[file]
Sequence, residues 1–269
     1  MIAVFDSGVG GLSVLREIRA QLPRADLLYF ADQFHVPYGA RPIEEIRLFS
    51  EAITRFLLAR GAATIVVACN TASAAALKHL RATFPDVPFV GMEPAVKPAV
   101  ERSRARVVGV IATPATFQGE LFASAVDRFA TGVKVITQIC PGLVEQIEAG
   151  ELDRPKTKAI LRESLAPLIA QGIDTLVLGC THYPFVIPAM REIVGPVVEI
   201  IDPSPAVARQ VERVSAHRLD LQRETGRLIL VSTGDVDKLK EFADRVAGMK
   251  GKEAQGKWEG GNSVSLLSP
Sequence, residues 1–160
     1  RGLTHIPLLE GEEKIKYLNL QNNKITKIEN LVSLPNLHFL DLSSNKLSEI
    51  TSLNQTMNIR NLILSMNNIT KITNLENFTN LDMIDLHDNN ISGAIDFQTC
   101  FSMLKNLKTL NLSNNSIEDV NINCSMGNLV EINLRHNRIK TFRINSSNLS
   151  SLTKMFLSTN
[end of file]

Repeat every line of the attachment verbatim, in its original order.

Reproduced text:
Sequence, residues 1–269
     1  MIAVFDSGVG GLSVLREIRA QLPRADLLYF ADQFHVPYGA RPIEEIRLFS
    51  EAITRFLLAR GAATIVVACN TASAAALKHL RATFPDVPFV GMEPAVKPAV
   101  ERSRARVVGV IATPATFQGE LFASAVDRFA TGVKVITQIC PGLVEQIEAG
   151  ELDRPKTKAI LRESLAPLIA QGIDTLVLGC THYPFVIPAM REIVGPVVEI
   201  IDPSPAVARQ VERVSAHRLD LQRETGRLIL VSTGDVDKLK EFADRVAGMK
   251  GKEAQGKWEG GNSVSLLSP
Sequence, residues 1–160
     1  RGLTHIPLLE GEEKIKYLNL QNNKITKIEN LVSLPNLHFL DLSSNKLSEI
    51  TSLNQTMNIR NLILSMNNIT KITNLENFTN LDMIDLHDNN ISGAIDFQTC
   101  FSMLKNLKTL NLSNNSIEDV NINCSMGNLV EINLRHNRIK TFRINSSNLS
   151  SLTKMFLSTN